Notre Dame has evolved since recent playoff losses, but so have the elite

Eric Hansen
South Bend Tribune

The miscalculation for those who either hope/fear Notre Dame’s second College Football Playoff appearance turns out to be a program referendum is that top-ranked Alabama is not a stationary target. 

Notre Dame’s obsession since a 42-14 defrocking by Alabama in the BCS National Championship eight seasons ago, and its mantra since a 30-3 smothering from Clemson in a 2018 playoff loss, has been “closing the gap” on this generation’s postseason ogres. 

Friday’s semifinal at the relocated Rose Bowl in Arlington, Texas, seems like a convenient checkpoint for No. 4 Notre Dame (10-1) to gauge that, particularly in light of the two disparate outcomes against playoff semifinalist Clemson this season. 

Where the algorithm fails is that No. 1 Alabama (11-0) has been closing the gap, too, since the teams’ last meeting in 2012. 

Notre Dame and coach Brian Kelly are in select company now that the Fighting Irish have qualified for the College Football Playoff for the second time, but they're still a heavy underdog against No. 1 Alabama in Friday's semifinal.

On history. 

Since that coronation, Alabama has added national titles in the 2015 and ’17 seasons, made six of the seven playoff fields and sent an FBS-high 72 players to the NFL via the draft, more than half of those first- or second-rounders. 

The Crimson Tide hasn’t just recruited. It’s hoarded, accruing five more No. 1 classes, per 

Perhaps the most imposing notion for the rest of the college football world to digest is that the man considered the best coach of this generation — Nick Saban, at age 69 — is getting better. 

“Alabama plays very differently than the 2012 Alabama team, because you have to play differently in college football these days.” said Cecil Hurt of the Tuscaloosa News, who’s been covering Crimson Tide football since 1982. “You have to score more points. 

“Nick simultaneously hates that, but no matter what he hates, he loves winning more than he hates having to change. He will change, because he loves to win.”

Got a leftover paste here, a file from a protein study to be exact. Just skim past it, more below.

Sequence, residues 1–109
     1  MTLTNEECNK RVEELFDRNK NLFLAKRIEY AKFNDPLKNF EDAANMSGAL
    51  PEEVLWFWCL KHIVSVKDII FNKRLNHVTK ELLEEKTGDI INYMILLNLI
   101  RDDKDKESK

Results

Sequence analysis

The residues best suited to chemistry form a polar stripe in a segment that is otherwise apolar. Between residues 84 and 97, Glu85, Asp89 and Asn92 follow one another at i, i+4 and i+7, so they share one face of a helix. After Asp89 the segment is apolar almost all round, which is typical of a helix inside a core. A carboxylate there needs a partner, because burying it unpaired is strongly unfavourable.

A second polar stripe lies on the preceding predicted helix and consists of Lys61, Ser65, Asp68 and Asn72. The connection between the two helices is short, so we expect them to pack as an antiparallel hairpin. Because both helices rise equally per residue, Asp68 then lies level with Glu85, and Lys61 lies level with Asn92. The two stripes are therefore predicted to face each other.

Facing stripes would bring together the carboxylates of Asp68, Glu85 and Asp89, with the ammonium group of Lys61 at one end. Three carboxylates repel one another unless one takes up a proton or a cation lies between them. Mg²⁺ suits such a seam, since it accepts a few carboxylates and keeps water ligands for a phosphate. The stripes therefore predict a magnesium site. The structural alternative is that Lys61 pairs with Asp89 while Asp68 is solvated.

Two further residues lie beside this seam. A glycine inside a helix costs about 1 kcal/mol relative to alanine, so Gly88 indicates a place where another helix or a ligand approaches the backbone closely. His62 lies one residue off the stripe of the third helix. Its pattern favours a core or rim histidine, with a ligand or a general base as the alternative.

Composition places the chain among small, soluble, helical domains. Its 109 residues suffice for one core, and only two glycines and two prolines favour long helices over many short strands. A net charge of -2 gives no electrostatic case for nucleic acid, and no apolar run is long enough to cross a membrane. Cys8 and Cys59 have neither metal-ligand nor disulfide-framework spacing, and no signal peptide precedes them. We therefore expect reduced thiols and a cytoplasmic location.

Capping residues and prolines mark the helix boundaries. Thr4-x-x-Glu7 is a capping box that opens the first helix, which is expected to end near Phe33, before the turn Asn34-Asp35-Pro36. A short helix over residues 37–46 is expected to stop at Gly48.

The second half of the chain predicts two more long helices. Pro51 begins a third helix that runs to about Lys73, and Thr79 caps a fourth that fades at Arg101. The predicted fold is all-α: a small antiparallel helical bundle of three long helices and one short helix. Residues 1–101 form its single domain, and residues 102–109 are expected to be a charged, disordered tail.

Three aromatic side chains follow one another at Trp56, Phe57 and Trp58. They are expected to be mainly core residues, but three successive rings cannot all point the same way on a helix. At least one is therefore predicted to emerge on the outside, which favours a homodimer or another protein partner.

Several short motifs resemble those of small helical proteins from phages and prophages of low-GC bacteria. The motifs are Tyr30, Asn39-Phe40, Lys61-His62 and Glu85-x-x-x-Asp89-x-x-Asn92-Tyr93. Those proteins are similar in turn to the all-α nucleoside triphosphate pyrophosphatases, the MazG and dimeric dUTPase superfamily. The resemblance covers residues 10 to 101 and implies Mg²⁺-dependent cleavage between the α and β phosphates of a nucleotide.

So Saban and the Crimson Tide have, Hurt said. They are more athletic on defense and far more diverse on offense, where they once tried to grind down opponents. 

“That’s what separates the coaches at the very pinnacle of the game from everybody else,” Hurt said. “Not only do they have success, but they don’t become prisoners of their own success and preclude themselves from having even more success.” 

Whether the Irish, as the biggest underdog in playoff history (20 points), can find a path to its 10th toppling of a No. 1 in program history and advance to the Jan. 11 title game, the long-term takeaway worth holding onto is that Notre Dame coach Brian Kelly is evolving as well. 

Not just from his first season in 2010, when parading around with a Sun Bowl trophy at the end of an eight-win season felt like a milestone. And not just from the transformative offseason after a 4-8 divot in 2016 that galvanized a 43-7 response in 50 games since. 

Kelly has evolved since 2019. Since the September COVID-19 team outbreak that threatened to swallow the season. Since yesterday. 

“Open-minded people stay abreast with what’s going on around them,” said Rick Minter, a longtime Kelly confidant who had two tours of duty as ND’s defensive coordinator. 

Minter said Kelly has adapted by embracing change — listening to those who do things differently — and has more or less reinvented himself. 

“Maybe all of us get in a little bit of a rut at times of our own behavior, only to be reminded of what’s another way it can be done,” he said. “And I think he found that formula at Notre Dame.” 

Where it’s brought Kelly and Notre Dame is a place only four of the other 130 FBS programs have been so far, a second appearance at the playoff party. 

Only this year’s three other semifinalists — Alabama and Sugar Bowl combatants Ohio State and Clemson — and Big 12 heavyweight Oklahoma can also claim that. 

Notre Dame arrives Friday with a ball-control model of X’s and O’s that looks more like what Saban used to do than what Kelly ran before his hiring by Notre Dame 11 years ago. 

Most notably, his 2009 Cincinnati team that nearly played Alabama for the national championship, was dead last in time of possession. And Kelly was darn proud of it. 

“That was when Brian won by outhustling everybody, out-conditioning everybody.” Minter said. “Now Brian sits back and says, ‘What needs to work?’ ” 

In 2020, Notre Dame ranks eighth out of 127 teams. 

“There’s a lot of ways to skin a cat,” Minter said. 

Notre Dame’s approach certainly lacks the offensive opulence of the other three teams in the playoff field. It was good enough to get the Irish into the playoff field, but is it a philosophy that can win games at the playoff level?